The Goal is a management-oriented novel by Dr. Eliyahu M. Goldratt, a business consultant whose Theory of Constraints has become a model for systems management. It was originally published in 1984 and has since been revised and republished in 1992 and 2004. This book is usually used in college courses and in the business world for case studies in operations management, with a focus geared towards the Theory of Constraints, bottlenecks and how to alleviate them, and applications of these concepts in real life. This book is widely used in leading colleges of management to teach students about the importance of strategic capacity planning and constraint management.
Like other books by Goldratt, The Goal is written as a piece of fiction. The main character is Alex Rogo, who manages a production plant owned by UniCo Manufacturing, where everything is always behind schedule and things are looking dire. At the beginning of the book, Bill Peach, a company executive, tells Alex that he has three months to turn operations at his plant around from being unprofitable and unreliable to being successful. His distant acquaintance, Jonah (a physicist), whom many believe represent Goldratt himself,
"Q" Is for Quarry is the seventeenth novel in Sue Grafton's "Alphabet" series of mystery novels and features Kinsey Millhone, a private eye based in Santa Teresa, California.
Though the book is a work of fiction, it is based on an unsolved homicide that occurred in Santa Barbara County, California in August 1969. A Jane Doe victim had been dumped near a quarry in Lompoc, California, and never identified. At a dinner party, Sue Grafton had a conversation with Dr. Robert Failing, who mentioned the case. He is the forensic pathologist who worked for the Coroner's Office which had retained her maxilla and mandible. The victim was never identified, and never associated with any known missing person's case. It was hoped that the additional publicity generated by the book (along with the facial reconstruction done, funded by Grafton), would help turn up additional leads, but so far, unsuccessfully. The Santa Barbara County Sheriff's Department is still hoping to find additional leads, and has the images of the facial reconstruction on their page.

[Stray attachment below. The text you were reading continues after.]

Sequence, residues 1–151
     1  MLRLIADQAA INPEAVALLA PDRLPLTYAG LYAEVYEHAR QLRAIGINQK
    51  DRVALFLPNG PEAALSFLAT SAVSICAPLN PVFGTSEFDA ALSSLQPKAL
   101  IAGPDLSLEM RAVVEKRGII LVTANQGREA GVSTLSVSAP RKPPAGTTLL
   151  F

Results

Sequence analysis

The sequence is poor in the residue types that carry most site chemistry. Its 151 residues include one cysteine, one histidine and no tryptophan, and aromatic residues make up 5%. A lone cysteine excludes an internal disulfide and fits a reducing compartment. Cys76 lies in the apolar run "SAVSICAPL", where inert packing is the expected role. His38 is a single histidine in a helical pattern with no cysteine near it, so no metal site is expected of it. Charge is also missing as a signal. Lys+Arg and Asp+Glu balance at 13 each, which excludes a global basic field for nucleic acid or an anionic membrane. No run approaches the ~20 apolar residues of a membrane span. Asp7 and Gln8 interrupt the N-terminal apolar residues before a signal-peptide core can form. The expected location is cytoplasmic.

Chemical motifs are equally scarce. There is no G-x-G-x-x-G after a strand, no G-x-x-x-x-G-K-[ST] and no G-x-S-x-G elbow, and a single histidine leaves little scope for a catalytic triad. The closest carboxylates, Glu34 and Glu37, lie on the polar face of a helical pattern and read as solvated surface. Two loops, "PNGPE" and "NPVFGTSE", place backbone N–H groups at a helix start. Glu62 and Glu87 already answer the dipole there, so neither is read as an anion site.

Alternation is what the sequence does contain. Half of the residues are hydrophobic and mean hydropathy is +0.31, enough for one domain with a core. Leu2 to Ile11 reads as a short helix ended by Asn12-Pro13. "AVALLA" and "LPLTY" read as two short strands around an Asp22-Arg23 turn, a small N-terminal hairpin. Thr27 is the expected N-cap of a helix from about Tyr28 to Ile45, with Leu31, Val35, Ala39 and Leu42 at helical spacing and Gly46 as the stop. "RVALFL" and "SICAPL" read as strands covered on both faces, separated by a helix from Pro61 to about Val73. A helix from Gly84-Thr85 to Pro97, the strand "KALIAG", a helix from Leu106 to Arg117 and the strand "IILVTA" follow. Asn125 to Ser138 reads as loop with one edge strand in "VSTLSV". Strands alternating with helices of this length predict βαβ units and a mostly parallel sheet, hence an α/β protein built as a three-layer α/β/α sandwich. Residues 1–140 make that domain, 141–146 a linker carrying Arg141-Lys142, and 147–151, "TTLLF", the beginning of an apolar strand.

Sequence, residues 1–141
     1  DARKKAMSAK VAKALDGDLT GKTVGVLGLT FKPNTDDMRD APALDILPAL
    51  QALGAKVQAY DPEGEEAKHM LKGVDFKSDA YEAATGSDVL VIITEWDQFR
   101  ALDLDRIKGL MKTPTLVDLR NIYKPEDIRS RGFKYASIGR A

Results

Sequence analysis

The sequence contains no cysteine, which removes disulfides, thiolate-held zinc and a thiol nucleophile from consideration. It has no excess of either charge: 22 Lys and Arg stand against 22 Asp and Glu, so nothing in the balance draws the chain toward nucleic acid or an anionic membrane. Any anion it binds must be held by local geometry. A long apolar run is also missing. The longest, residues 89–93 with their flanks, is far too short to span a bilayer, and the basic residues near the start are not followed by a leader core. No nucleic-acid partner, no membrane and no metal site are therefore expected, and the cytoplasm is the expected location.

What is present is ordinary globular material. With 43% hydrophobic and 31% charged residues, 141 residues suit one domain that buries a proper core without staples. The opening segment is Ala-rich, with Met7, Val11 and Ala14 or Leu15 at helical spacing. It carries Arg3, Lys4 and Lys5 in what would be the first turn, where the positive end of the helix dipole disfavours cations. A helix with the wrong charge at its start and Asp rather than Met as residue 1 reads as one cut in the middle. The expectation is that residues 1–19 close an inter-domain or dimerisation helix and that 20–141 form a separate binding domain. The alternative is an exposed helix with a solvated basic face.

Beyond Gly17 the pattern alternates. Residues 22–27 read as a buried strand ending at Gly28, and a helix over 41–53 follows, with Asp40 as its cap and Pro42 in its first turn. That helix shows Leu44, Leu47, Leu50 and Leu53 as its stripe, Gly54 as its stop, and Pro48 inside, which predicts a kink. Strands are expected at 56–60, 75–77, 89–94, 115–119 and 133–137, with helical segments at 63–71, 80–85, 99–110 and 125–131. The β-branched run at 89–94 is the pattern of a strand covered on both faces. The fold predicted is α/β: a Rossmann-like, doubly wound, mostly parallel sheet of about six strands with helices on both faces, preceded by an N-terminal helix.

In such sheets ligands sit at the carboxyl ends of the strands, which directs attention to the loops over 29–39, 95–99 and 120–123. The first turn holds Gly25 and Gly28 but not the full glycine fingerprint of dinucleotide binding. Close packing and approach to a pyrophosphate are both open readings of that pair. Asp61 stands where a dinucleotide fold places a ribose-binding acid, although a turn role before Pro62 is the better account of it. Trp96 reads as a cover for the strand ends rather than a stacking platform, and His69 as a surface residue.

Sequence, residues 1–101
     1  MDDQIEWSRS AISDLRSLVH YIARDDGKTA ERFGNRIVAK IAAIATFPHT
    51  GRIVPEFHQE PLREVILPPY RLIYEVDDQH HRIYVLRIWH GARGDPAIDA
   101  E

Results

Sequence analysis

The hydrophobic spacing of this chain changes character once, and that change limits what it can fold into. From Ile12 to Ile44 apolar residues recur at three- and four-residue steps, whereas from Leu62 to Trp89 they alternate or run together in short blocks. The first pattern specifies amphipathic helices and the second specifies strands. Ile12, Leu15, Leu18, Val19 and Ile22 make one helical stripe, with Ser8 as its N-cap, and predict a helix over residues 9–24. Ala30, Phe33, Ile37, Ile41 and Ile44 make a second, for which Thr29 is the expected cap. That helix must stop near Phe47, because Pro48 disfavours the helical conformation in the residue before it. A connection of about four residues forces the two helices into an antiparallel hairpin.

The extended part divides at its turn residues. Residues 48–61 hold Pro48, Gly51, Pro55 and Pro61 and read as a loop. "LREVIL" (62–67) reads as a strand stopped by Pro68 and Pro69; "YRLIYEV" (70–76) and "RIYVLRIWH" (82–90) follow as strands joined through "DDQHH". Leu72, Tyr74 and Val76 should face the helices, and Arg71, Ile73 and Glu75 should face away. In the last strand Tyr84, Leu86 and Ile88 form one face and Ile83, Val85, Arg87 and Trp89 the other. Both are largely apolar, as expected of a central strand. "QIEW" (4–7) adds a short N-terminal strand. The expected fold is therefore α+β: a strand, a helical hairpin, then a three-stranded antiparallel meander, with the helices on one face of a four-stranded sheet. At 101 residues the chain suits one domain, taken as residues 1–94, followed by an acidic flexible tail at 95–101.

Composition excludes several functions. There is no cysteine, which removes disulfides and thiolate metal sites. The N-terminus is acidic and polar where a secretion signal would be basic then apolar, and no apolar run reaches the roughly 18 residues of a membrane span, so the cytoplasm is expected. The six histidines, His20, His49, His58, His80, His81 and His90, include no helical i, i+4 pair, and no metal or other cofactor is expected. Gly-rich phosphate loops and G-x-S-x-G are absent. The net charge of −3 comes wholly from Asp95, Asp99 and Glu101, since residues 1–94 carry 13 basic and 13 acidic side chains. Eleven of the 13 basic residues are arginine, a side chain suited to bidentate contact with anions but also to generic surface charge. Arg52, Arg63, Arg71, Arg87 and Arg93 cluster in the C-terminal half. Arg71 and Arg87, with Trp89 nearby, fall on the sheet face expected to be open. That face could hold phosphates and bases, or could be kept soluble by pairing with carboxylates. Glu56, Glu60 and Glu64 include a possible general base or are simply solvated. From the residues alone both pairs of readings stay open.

A Christmas Carol is a novella by English author Charles Dickens, first published by Chapman & Hall on 19 December 1843. The story tells of sour and stingy Ebenezer Scrooge's ideological, ethical, and emotional transformation after the supernatural visits of Jacob Marley and the Ghosts of Christmas Past, Present, and Yet to Come. The novella met with instant success and critical acclaim.
The book was written and published in early Victorian era Britain when it was experiencing a nostalgic interest in its forgotten Christmas traditions, and at the time when new customs such as the Christmas tree and greeting cards were being introduced. Dickens' sources for the tale appear to be many and varied but are principally the humiliating experiences of his childhood, his sympathy for the poor, and various Christmas stories and fairy tales.
The tale has been viewed by critics as an indictment of 19th-century industrial capitalism. It has been credited with restoring the holiday to one of merriment and festivity in Britain and America after a period of sobriety and sombreness. A Christmas Carol remains popular, has never been out of print, and has been adapted to film, stage, opera, and other